EU group aims to eavesdrop on Skype calls

Posted on February 24, 2009. Filed under: Skype | Tags: , , |

By Julian Sanchez

The EU’s judicial coordination group says criminals are increasingly turning to encrypted VoIP tools like Skype to evade surveillance—and is launching an effort to ensure that European law enforcement can listen in.

skypewiretapAs high-tech tools expand the ability of intelligence and law enforcement agencies to sweep up and sort vast quantities of communications traffic, European Union officials worry that encrypted Voice over IP technologies like Skype are leaving criminals with a digital hole in the telecom dragnet. In a statement released this weekend, the Italian arm of the European Union’s judicial cooperation agency, Eurojust, announced it would lead an international effort to “overcome the technical and judicial obstacles to the interception of internet telephony systems.”

The statement singled out Luxembourg-based Skype as presenting particular problems, because “Skype’s encryption system is a secret which the company refuses to share with the authorities.” Eurojust officials told reporters that the new initiative comes at the request of Italian authorities concerned that organized crime was resorting to encrypted Skype communications to evade eavesdropping.

Skype, however, disputes that characterization, saying that the company has “extensively briefed” EU law enforcement agencies. “It’s unfortunate that they chose to release this report without contacting us,” spokesman Brian O’Shaughnessy told Ars, “because I think it’s pretty clear that we have capabilities and we have programs in place and they’re aware of them.”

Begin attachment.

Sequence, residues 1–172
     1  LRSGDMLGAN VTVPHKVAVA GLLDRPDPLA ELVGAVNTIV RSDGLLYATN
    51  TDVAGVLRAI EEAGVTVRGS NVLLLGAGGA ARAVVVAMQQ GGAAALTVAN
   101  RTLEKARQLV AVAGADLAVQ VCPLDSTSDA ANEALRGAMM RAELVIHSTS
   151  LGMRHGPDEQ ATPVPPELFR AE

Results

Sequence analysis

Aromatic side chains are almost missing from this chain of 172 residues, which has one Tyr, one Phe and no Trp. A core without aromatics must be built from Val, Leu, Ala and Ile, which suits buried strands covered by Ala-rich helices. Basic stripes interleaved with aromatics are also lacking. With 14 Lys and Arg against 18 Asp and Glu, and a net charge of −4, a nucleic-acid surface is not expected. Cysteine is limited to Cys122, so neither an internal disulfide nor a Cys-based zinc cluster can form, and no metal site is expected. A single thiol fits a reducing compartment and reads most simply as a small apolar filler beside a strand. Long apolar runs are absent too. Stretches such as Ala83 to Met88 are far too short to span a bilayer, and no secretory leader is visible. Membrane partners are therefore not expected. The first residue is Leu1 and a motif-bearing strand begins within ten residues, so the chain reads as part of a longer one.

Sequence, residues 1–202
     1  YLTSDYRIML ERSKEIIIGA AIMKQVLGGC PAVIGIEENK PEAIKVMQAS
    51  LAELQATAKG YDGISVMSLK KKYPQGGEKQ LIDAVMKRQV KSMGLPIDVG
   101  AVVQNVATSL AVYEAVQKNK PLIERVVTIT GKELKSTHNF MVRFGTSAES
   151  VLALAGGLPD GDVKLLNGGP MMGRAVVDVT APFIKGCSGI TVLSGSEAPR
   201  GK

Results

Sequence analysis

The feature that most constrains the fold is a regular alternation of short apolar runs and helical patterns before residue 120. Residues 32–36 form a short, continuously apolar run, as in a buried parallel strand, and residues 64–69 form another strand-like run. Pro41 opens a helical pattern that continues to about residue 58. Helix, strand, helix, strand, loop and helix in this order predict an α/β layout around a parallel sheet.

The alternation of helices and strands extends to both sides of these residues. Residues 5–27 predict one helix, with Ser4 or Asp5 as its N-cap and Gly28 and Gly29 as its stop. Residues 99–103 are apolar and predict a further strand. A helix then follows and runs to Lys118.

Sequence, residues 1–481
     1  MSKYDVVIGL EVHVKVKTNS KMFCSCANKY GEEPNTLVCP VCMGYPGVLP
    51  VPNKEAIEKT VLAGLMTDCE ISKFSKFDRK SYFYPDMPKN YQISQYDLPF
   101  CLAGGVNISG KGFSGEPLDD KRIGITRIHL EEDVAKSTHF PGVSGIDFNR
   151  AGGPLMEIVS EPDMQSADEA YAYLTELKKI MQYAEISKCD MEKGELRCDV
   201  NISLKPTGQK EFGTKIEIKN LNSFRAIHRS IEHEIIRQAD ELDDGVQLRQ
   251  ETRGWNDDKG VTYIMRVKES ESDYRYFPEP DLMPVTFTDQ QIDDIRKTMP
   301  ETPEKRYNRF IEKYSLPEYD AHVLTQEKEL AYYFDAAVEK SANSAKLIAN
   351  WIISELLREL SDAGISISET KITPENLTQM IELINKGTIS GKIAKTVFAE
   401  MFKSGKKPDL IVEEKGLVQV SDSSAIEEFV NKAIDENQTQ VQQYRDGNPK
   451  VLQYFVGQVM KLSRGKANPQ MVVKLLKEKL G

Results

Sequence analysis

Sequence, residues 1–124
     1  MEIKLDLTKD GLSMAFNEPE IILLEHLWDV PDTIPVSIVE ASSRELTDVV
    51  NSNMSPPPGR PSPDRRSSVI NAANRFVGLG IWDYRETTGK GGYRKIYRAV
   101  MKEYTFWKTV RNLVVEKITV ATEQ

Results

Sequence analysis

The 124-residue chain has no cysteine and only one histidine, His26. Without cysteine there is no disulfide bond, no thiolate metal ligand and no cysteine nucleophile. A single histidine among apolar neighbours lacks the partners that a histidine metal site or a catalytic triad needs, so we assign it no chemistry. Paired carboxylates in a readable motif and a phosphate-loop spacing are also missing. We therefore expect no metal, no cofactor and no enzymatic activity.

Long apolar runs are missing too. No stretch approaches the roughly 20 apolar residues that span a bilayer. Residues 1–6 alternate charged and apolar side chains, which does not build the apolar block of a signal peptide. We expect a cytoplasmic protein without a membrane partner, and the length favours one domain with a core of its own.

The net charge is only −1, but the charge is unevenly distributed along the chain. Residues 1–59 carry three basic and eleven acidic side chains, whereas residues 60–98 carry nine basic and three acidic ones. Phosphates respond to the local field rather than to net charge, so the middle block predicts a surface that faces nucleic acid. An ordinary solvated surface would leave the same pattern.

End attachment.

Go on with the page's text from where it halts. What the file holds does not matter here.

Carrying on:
O’Shaughnessy says that the company’s policy is to cooperate with law enforcement “where legally and technically possible.” Last year, however, Skype’s director of corporate communications told CNET that it might not be technically possible in many cases. “We have not received any subpoenas or court orders asking us to perform a live interception or wiretap of Skype-to-Skype communications,” Skype’s Jennifer Caukin told the news site. “In any event, because of Skype’s peer-to-peer architecture and encryption techniques, Skype would not be able to comply with such a request.”

That doesn’t mean police are without recourse: in 2008, a German online advocacy group called the Pirate Party leaked documents suggesting that Bavarian authorities had employed (dubiously legal) trojan horse programs to capture Skype conversations in the clear at the client’s end. And press reports earlier this month quoted anonymous sources suggesting that the American National Security Agency has offered “billions” to hackers able to provide back-door access to Skype. Of course, even if intelligence agencies already enjoyed such access, it would be in their interest to promote the impression that Skype calls were untappable.

Source: arstechnica

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